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How to Save Thousands for the Price of Less than a Meal

By Moritz Dressel on Apr 01, 2017

Millions of citizens go without health insurance. People like you and me. Even travelers, particularly the digital nomads who work while they travel long-term.

But let's start from the beginning.

I have been traveling for about three years, and have worked abroad for the past thirteen. As a German citizen, I’ve had to arrange my own health insurance abroad. That’s the case in most countries.

The more I traveled, the more I met people who did not have any health insurance. Sometimes out of ignorance, sometimes out of conviction, they chose to go without.

I Had Coverage...and Nothing Happened

I, too, would have liked to save that money—especially on occasions when being insured was not compulsory. You usually need insurance, typically a local policy, when you want to settle in another country. However, you are free to choose whether to have one or not when you are merely visiting; the authorities do not care as long as you look like a tourist. As I have often been on tourist visas, my premiums to the insurance firm became a nuisance.

It did not help that I never had to rely on my insurance, either. Of course, I was glad I had been safe throughout my travels. But seeing payments go down the drain every month—while others get by just fine without a policy—was really not appealing.

All That Changed In Seconds

One day, I had an accident in the Colombian mountains. Scratches and bruises aside, I broke my elbow.

Things could have been much worse. I was very lucky. The medical attention I received was first class, and there was nothing I could complain about (a very strange thing to hear from a German, huh?).

I did have to pay about 4,000 US dollars, though. This required me to max out my credit cards, but it covered the entire procedure from admission to the emergency room through to surgery and physiotherapy to round off my recuperation.

Now, you don’t know if your insurance will reimburse you until disaster strikes. Naturally, they check twice to see whether your claims are valid. In the end, I received my money back. Winner!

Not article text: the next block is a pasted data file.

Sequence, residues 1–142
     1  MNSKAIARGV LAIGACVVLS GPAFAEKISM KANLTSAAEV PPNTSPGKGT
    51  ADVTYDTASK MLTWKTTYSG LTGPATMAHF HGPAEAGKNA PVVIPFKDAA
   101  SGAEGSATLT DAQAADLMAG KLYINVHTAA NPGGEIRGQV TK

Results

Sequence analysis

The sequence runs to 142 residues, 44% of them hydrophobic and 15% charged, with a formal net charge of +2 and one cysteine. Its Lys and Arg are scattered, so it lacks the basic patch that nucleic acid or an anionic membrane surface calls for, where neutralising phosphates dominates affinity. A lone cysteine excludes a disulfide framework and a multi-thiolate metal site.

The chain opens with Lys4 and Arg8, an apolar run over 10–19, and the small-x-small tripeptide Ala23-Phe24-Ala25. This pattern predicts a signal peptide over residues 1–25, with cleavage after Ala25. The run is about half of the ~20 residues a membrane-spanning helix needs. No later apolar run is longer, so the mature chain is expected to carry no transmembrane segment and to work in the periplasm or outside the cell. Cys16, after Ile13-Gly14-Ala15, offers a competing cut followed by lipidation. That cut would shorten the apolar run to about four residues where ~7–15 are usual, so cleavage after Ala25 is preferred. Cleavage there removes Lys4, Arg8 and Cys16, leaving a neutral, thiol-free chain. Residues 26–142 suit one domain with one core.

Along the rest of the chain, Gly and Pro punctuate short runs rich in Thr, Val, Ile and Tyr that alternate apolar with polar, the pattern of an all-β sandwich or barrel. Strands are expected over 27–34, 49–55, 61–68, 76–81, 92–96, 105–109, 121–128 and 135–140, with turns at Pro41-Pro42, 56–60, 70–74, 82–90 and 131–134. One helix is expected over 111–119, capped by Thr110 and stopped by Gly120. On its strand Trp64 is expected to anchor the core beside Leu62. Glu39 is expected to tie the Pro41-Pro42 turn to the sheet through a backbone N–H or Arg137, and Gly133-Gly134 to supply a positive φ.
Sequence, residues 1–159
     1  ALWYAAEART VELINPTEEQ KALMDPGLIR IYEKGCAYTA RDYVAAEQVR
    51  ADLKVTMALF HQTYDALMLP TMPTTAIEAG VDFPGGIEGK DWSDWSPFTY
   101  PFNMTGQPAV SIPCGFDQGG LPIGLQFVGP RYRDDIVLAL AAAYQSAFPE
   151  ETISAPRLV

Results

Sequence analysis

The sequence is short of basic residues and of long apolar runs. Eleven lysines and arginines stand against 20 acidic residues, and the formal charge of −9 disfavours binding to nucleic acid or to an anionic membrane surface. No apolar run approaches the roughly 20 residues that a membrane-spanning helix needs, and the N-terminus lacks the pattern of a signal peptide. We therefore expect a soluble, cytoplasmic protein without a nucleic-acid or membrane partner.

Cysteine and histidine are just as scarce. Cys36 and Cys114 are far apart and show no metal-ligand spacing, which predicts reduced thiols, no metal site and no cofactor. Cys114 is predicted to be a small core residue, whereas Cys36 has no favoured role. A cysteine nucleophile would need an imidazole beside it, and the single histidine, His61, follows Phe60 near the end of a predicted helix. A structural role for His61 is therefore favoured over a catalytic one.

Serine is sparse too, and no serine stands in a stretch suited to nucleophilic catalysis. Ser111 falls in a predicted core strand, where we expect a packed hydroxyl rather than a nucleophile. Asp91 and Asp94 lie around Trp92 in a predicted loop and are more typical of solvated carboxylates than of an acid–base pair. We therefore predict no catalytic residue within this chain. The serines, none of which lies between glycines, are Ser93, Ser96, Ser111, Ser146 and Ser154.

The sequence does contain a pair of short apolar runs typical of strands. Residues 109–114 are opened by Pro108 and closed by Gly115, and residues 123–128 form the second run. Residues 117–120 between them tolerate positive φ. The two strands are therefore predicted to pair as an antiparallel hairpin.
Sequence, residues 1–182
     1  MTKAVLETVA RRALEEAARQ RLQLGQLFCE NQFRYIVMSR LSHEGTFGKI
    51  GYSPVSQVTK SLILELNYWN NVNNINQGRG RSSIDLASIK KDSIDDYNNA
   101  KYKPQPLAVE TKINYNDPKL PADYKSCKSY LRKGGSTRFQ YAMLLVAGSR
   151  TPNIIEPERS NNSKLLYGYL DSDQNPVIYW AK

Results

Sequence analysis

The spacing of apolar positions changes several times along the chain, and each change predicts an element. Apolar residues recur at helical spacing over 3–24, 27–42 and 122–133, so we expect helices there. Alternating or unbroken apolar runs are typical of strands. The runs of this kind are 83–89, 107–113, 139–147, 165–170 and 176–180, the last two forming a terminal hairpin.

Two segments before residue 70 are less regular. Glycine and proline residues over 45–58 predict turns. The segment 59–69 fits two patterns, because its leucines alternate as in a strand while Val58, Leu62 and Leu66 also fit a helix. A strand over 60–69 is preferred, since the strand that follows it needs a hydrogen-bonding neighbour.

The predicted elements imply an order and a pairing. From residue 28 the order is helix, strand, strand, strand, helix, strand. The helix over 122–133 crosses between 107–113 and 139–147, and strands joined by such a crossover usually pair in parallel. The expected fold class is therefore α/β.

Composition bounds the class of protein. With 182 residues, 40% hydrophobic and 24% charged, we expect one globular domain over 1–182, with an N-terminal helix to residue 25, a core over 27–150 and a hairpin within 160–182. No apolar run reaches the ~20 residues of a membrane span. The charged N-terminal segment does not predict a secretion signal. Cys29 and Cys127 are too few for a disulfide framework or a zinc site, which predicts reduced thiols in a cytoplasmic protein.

Travel is Part of Life—With All the Risks

Not planning to break an arm? Neither was I. I highly encourage you to have health insurance when you travel. Traveling is fun, but having an aching tooth the morning you planned to hike up that volcano or finding all your belongings (including your prescription medication) stolen are completely realistic scenarios that can happen any time.

If you're a digital nomad, or simply traveling long-term for fun because your entrepreneurial lifestyle has given you the freedom to do so, you should take out traveler's health insurance simply because you can. If you can afford to travel at all, insurance should not be a deal breaker. If you can’t pay the premium to begin with (often less than $1 per day), how could you manage without one in case of emergency?

How to Choose a Policy to Meet Your Needs

Before you sign up with the next best travel insurance plan, check your credit card policy. Does it cover some medical expenses? It often does, but most people are not aware.

Check the health insurance policy you carry at home. Sometimes it covers some medical emergencies while traveling—but not always, and it could depend upon the length of your trip.   

When looking at traveler's insurance policies, carefully consider the following:

  • What is covered?

  • Are you allowed to make home visits during the covered period?

  • Can you extend the duration of your coverage?

  • If you're already on the road and looking for health insurance, are you even qualified to sign up? Most insurance firms only grant policies before you have started your travels. Hence, you may not get insured if you are no longer in your home country.

The right insurance depends on your personal situation. Your citizenship, physical condition, financial situation, and travel plans determine what is most suitable for you. There is no single best insurance for travelers.

However, I have personally had a great experience with True Traveller, especially since they allowed me to sign up even though I was already traveling. From fellow long-term travelers I have also heard good things about World Nomads. They offer hassle-free packages combining different insurance types all into one. You pay a bit extra, but if you can afford it, it’s probably the most convenient option for long-term travelers.

Not a Long-term Traveler (Yet)?

Here’s some good news if you are only an occasional traveler: as long as you maintain your health insurance in your home country, payments for international coverage are almost negligible. Your insurance may offer simple add-ons for travelers costing less than a meal—annually.

Some people cannot afford insurance, and they need to be taken care of. Travelers, however, don’t fall into this category. International health insurance is affordable—and not having a policy is unwise given medical costs the world over.

 

 

Moritz Dressel is the author of Got the Job… Now What?: How to Master the Corporate Game from Day 1 and The Aspiring Advisor: Strategies and Tools for a Successful Consulting Career, the #1 guide for consulting career starters. He is also a management consultant specializing in post-merger integration, joint ventures and strategic alliances. He can be reached via Twitter @MoritzDressel or www.MoritzDressel.com.

 

 

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